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The Queen's C of E
Primary School

Maths 23 March 2020

Dear 4AD and 4JM mathematicians

Your maths-at-home learning is here! We recommend that you do little bursts of maths every day, rather than doing it all in one big chunk. Every week, we will upload a selection of videos, activities and problems for you to watch, complete and solve. We will always upload range of activities, including a ‘cool original’ task (which is slightly easier) and a ‘chilli heatwave’ task (which provides more challenge) so that you can choose what suits you best.

Times tables (every day)
Get creative!
Step 1: choose a times table that you’re not yet fluent in (and by fluent, we mean back-to-front, upside-down, in the air, in your sleep, know your multiples, know your factors, super-speedy fluent). 
We suggest the following as a guide:
Cool original - 2x, 3x, 4x
Chilli heatwave - 6x, 7x, 8x and 12x

Step 2: practise, practise, practise! Try writing them out in order, try writing them out in a random order, try counting in multiples, try counting backwards, get family members to test you, try finding unusual patterns.

Step 3: create a fun video showcasing your new times table skills. This can be ANYTHING YOU LIKE! It could involve football with times tables or perhaps you want to create a skipping routine or a dance routine with times tables. 

Once the Year 4 email address is up and running, we’d love to see your videos of your home learning in action (and because we miss you)!

In addition to this, we also recommend you continue to practise writing out and memorising fact families. A fact family might look something like this: 

3 x 2 = 6  and  6 = 3 x 2
2 x 3 = 6  and  6 = 2 x 3 
6 ÷ 2 = 3  and  3 = 6 ÷ 2
6 ÷ 3 = 2  and  2 = 6 ÷ 3

This can be made harder by thinking of related times table fact families, such as this one:

30 x 2 = 60  and  60 = 30 x 2
2 x 30 = 60  and  60 = 2 x 30 
60 ÷ 2 = 30  and  30 = 60 ÷ 2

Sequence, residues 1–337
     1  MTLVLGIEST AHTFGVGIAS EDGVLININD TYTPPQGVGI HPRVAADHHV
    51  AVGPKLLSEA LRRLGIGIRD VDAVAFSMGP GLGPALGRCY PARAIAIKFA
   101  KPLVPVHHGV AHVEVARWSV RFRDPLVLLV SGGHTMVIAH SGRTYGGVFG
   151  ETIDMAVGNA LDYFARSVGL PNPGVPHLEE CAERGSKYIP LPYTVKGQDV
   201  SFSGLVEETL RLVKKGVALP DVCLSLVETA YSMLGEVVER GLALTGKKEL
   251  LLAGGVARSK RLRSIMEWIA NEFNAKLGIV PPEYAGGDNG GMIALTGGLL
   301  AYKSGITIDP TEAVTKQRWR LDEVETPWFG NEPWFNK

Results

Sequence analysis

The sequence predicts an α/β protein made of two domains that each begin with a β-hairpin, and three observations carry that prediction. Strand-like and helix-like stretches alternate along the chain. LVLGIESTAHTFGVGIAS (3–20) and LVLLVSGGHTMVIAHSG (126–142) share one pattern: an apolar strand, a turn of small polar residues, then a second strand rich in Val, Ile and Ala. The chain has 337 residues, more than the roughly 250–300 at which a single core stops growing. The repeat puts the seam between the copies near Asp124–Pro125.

60 ÷ 30 = 2  and  2 = 60 ÷ 30

You could even go beyond your times tables to other multiplication or division facts you might know, and try spotting patterns.

If I know that 25 x 4 = 100, what else do I know?

4 x 25 = 100 
100 ÷ 4 = 25
100 ÷ 25 = 4
100 = 4 x 25
25 = 100 ÷ 4
4 = 100 ÷ 25

12.5 x 8 = 100
8 x 12.5 = 100
and so on....

Other fluency activities (every day)
We would like you to have a go at a 'number of the day' activity. An example can be found here.
If you're feeling particularly creative, you could make your own 'number of the day' activity with 10 questions and email them in to us. Remember, they must be questions that you could do mentally, without too many steps of thinking!

Revising equivalent fractions (every day)
We've done some work on equivalent fractions already, so this is a good opportunity to revise before next week, when you will need this knowledge to help you with your next learning steps.

Wednesday and Thursday:

OL: I can find a pattern or rule for equivalent fractions

- I have used a fraction wall (and drawn lines on it if it can be printed)
- I have labelled my fraction wall
- I have compared fractions using the vocabulary 'parts', 'whole', 'numerator' and 'denominator'
- I have recorded my answers logically

Parents, there is a solution page here if you want to see how your child could lay out their work.


OL: To solve fraction problems.

Check your mathletics for the problems we have set you - they should be under the 'explore' tab when you sign in. Use the feedback tool to ask us questions about anything you don't understand!